We’re drawing closer to having a team name and uniform colors as well as ticket prices unveiled, so naturally there are questions flying about that process. Also about how the non-expansion part of next year’s draft will work for NHL Seattle. Let’s get to it.
A: Never too early for draft questions. The answer is a resounding “Yes’’ – NHL Seattle gets the same draft slot odds the Vegas Golden Knights did in 2017.
I should specify that we’re talking about the regular entry draft here, not the expansion draft in which NHL Seattle selects all by itself. For the regular draft, Seattle enters the first round lottery with the same chance as the team with the third-fewest points in next season’s standings.
Back in 2017, that gave Vegas a 10.3% chance at the top overall pick. New Jersey wound up getting it and selected Swiss center Nico Hischier from the major junior Halifax Mooseheads. Hischier has 50 goals and 82 assists his first three seasons – including this one – while becoming an alternate captain.
There are lottery draws for the first three overall picks. NHL Seattle picks no lower than No. 6 overall. Vegas fared the worst possible in 2017 and picked sixth, taking center Cody Glass of the Portland Winterhawks.
After the first round, NHL Seattle gets the third-highest pick in each subsequent round.
A: Yes, the team will release prices for general season tickets next Tuesday and begin inviting smaller, select groups of deposit-holders — based on priority list ranking — to their preview center for the full-on guided tour. The team expects to complete sales by mid-summer. That group thing at the preview center went over well for club tickets, which sold out despite some pretty hefty pricing. So, they’re taking their time with this next round, which leads me to believe prices will again be steep.
More interesting — for me, at least — will be whether NHL Seattle seeks mandatory commitments of multiple seasons like on club seats. That’s uncharted territory in the NHL. Club insiders are being very tight-lipped about pricing and related matters and have taken time to figure it out.
A: About the same as Seattle Two-Headed Robo-Seals. Sorry!
Sure, “Pilots” is a part of our sports history. But like I’ve always said about the difference between stockpiling quality young players and having a bunch of guys merely with more recent birth certificate dates, there’s a huge gap between meaningful history and — um — garbage history. There’s almost nothing meaningful about the 1969 Pilots season as a Major League Baseball team here, beyond Jim Bouton’s tell-all book. And a big reason Ball Four resonated was because the Pilots were horrible and a financial disaster — a perfect recipe for a lurid, gossip-filled tome. But not exactly quality history worth tying a new team’s name to, as opposed to, say, Totems or Metropolitans. I’m all for historical romanticism and I practice it plenty, but this ain’t the hill to die on.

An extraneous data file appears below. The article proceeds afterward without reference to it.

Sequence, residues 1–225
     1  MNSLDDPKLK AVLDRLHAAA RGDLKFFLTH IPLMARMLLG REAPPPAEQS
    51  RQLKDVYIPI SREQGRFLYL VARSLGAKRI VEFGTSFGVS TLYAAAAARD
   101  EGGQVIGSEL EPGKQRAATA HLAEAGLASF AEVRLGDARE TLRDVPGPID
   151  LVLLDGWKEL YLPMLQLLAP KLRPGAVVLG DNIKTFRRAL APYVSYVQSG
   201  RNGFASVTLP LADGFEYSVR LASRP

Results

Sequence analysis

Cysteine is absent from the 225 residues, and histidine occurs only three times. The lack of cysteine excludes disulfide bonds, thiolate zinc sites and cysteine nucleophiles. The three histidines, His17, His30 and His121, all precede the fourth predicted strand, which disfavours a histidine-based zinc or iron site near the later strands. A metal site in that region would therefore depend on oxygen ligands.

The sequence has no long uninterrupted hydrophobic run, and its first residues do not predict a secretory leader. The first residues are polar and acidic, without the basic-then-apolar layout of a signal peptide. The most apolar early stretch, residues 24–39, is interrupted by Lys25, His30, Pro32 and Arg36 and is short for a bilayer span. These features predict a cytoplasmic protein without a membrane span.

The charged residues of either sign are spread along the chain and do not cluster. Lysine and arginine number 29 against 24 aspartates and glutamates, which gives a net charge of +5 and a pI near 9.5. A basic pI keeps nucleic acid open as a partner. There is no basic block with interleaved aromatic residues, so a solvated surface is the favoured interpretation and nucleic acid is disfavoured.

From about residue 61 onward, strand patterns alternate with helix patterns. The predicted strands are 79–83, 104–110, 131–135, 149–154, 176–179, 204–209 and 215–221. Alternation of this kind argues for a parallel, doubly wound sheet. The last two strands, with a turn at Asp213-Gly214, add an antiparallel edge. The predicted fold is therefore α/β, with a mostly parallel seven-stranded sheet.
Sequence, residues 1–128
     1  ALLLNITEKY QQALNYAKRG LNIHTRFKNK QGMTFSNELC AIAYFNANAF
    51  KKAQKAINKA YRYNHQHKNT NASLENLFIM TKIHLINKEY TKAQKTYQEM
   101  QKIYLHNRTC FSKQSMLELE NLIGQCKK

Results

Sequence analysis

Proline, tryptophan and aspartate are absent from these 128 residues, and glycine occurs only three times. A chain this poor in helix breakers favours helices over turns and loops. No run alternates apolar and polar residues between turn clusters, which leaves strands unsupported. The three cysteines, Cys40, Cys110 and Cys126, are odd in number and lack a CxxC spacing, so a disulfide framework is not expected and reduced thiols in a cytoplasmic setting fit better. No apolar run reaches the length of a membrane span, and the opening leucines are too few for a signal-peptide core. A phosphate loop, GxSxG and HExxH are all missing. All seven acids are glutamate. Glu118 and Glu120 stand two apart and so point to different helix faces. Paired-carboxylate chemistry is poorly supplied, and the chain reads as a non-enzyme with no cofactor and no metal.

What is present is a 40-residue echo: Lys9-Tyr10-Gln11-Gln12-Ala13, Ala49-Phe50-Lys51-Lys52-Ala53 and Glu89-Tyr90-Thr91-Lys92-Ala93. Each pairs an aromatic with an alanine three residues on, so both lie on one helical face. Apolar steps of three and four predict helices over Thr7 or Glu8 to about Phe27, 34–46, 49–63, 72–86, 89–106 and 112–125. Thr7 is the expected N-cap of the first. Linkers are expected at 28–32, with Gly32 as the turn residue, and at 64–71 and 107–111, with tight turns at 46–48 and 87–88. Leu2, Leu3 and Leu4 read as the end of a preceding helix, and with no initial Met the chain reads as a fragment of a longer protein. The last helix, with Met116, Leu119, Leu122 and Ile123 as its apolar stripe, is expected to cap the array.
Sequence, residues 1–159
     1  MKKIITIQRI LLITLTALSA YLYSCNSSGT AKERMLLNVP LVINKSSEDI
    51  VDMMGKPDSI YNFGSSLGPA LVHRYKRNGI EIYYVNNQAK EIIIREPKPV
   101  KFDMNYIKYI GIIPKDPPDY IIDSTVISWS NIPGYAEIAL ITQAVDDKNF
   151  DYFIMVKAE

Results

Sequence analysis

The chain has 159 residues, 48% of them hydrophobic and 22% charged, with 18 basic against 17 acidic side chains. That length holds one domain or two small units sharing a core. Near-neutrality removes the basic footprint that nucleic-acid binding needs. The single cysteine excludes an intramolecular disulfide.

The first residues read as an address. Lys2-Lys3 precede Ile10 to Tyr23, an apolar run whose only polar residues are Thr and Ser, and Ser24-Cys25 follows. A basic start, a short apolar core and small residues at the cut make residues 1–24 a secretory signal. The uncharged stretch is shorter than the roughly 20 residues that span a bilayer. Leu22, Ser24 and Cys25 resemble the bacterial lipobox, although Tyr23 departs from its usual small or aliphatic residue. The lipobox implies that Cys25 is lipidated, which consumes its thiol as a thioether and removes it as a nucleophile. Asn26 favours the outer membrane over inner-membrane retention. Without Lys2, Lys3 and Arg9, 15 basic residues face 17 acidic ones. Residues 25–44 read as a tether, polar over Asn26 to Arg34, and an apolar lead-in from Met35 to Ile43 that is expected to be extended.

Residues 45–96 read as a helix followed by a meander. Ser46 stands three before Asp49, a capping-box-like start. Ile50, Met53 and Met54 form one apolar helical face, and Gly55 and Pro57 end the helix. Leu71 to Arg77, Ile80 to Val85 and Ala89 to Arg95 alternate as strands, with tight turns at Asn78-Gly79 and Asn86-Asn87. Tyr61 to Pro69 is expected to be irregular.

On the aviation aspect, Boeing’s reputation was far better locally and nationally in 1969 than right now. And in marketing, that drives any decision. The original team trademark was abandoned in 2005, but the Milwaukee Brewers — formed when Bud Selig relocated the Pilots there — registered a new one in 2006. It covers all Seattle Pilots clothing like T-shirts, baseball uniforms and caps. So, too big a headache for an already-loaded name.
A: Yes, the NHL must give formal approval on that. Sure, this is an independent team. But pro sports are more akin to branch offices of the same company. In Major League Soccer, it actually is financially structured like a branch office but that’s for another day. NHL Seattle has run everything by the league’s head office and that’s largely why the team name announcement has been delayed until April. From what I know, the league was insisting on extra trademark diligence. Also, I know NHL Seattle wasn’t crazy about “Orcas” as a name largely because the Canucks have an Orca within their logo. But anyhow, the league approves all naming, logos, uniform design and colors to head off such disputes beforehand.
As you noted, the Bruins and Penguins butted heads 40 years ago. Boston president Harry Sinden claimed the Penguins had stolen his team’s uniforms when they announced a pending January 1980 switch to a black and gold motif akin to Pittsburgh’s Steelers and Pirates. Sinden — always good for a fight or three — tried to claim the Bruins for decades had been the NHL’s black and gold team.
“There’s no way we’re giving permission for them to adopt our colors,” Sinden told the Boston Globe. “Those colors are part of our tradition and heritage. We’re going to fight it if Pittsburgh tries to do it,”
The NHL told him to take a hike — that they have no exclusive color rights within the NHL itself. Besides, the Penguins were terrible and their uniforms even worse from 1967 through 1980 and they wanted a franchise do-over. A do-over that’s gone quite nicely since switching colors and drafting Mario Lemieux from my hometown Laval Voisins junior team in 1984.